The Berlin native was dismissed as a lightweight when she hosted a breezy morning program before launching Berlin Mitte in October, 1999. Yet Illner proved herself a match for Germany's political class, always managing to rein in overly talkative or aggressive politicians. "That's not what I wanted to know!" she will say, or "Shall I remind you what the question was?" when too many barbs are launched. She strives to keep the proceedings from getting deadly serious. "Politics shouldn't be painful," she says. In her hands, they are primetime entertainment: A one-on-one with Schr?der attracted 3.5 million viewers.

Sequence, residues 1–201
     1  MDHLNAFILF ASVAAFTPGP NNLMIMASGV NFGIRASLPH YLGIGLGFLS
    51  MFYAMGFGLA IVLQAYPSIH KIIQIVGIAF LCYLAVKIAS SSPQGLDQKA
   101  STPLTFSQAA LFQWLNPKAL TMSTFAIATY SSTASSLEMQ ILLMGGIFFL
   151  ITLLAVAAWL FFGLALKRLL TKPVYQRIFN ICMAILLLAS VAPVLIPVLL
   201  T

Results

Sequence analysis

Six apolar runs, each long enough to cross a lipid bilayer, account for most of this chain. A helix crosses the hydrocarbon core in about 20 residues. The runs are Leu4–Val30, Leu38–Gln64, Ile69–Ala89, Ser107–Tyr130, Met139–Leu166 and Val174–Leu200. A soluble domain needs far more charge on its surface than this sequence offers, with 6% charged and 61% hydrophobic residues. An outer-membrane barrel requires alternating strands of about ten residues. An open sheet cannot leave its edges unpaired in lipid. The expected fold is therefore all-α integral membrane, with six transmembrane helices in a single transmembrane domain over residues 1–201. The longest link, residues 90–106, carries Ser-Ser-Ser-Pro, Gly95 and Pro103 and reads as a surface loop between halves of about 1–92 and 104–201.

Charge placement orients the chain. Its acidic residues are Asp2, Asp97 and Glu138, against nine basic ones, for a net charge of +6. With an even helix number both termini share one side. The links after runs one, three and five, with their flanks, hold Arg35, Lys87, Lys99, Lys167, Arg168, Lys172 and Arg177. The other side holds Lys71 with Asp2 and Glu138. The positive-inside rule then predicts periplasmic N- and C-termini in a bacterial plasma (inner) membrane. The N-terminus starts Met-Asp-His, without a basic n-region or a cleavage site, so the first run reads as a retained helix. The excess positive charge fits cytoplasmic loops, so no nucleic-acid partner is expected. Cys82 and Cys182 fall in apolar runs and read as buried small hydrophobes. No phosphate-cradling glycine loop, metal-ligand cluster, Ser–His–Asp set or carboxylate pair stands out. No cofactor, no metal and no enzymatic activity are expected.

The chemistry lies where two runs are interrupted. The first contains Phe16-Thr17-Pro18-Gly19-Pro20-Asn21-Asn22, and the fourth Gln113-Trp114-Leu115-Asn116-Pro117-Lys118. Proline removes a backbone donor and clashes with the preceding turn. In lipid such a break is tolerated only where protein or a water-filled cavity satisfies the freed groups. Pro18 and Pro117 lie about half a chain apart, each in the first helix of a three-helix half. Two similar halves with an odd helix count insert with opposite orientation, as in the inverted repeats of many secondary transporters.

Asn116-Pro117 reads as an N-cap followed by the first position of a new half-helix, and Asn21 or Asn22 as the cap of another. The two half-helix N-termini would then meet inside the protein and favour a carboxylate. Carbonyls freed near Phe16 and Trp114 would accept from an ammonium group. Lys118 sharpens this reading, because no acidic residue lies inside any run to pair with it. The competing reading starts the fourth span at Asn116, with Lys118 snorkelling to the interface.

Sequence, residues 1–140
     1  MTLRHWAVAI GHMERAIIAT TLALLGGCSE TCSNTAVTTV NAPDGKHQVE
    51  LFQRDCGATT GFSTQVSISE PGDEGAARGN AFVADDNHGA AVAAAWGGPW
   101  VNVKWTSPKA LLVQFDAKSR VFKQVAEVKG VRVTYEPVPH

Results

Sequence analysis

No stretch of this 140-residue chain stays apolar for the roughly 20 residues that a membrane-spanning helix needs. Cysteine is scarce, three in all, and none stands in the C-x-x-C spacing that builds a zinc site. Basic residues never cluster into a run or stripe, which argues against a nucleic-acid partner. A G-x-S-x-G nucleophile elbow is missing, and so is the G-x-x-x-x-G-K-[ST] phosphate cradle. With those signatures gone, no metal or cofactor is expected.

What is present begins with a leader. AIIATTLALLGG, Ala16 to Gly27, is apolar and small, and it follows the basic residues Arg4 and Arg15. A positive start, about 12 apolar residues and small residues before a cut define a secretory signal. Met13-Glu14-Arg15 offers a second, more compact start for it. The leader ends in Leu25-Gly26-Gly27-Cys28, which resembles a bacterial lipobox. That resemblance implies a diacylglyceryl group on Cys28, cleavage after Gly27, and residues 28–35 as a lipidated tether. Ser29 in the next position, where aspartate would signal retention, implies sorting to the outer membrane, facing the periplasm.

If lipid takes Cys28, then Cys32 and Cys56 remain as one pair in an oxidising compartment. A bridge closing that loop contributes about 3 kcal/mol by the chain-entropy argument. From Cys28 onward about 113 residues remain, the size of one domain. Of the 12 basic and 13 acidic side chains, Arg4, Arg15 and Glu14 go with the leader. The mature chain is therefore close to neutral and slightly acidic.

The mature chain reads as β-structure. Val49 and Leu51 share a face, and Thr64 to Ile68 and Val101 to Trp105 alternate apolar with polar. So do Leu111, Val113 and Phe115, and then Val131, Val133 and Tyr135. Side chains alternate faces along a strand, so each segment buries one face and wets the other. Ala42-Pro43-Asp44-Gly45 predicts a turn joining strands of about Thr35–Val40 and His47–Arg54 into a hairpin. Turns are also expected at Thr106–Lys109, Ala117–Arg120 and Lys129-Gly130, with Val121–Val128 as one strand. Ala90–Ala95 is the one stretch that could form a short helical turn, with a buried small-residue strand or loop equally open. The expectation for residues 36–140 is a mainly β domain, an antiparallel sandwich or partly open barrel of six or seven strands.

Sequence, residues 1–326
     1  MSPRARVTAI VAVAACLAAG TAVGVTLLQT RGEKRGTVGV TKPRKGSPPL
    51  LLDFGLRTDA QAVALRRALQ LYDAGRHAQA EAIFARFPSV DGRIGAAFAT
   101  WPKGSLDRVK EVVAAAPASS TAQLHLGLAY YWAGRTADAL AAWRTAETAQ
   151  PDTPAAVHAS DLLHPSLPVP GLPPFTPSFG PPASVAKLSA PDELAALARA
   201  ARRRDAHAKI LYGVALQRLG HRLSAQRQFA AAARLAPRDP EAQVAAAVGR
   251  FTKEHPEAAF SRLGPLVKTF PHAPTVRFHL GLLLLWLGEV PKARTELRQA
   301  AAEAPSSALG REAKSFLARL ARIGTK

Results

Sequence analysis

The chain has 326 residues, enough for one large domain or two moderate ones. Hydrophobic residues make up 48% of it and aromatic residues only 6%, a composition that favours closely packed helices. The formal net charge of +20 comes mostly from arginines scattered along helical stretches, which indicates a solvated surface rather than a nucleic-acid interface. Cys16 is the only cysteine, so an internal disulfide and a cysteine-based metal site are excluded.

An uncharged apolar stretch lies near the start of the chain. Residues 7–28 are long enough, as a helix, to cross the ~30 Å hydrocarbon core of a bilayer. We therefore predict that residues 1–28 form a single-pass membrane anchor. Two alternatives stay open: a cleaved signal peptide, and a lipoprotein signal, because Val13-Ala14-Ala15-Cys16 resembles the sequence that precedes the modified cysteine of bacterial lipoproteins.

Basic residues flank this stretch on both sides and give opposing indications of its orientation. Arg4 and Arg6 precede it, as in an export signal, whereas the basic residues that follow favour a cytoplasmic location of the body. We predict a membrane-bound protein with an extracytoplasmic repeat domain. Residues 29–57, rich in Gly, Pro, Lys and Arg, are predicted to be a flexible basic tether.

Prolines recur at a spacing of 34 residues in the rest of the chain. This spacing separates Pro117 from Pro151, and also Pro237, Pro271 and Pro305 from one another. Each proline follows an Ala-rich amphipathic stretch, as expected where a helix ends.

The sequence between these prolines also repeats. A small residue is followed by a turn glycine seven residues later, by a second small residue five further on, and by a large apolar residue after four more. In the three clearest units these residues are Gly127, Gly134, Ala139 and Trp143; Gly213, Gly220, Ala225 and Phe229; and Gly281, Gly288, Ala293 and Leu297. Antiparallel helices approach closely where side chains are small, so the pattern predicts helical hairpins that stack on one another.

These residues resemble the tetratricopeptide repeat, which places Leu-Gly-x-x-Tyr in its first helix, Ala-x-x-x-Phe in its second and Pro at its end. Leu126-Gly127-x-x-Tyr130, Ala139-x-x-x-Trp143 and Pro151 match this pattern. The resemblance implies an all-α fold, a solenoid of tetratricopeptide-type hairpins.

Illner admits she's a bit surprised that a graduate of an East German journalism school should help set the agenda in united Germany. Yet her upbringing in a tightly controlled society gives her a greater appreciation for democracy and helps her avoid the cynicism that marks so much of political journalism. "The things I ask about really interest me," she says. And almost 3 million other Germans as well.